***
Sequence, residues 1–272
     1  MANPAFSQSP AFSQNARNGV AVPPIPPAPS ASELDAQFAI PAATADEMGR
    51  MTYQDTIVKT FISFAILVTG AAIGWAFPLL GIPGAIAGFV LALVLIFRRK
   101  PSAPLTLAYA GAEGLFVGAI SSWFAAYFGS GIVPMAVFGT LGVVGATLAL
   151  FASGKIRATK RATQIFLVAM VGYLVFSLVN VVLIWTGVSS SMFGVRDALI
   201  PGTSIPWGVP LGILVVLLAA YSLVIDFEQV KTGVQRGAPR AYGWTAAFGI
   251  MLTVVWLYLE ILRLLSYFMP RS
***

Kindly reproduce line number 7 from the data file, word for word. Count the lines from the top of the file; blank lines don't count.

   251  MLTVVWLYLE ILRLLSYFMP RS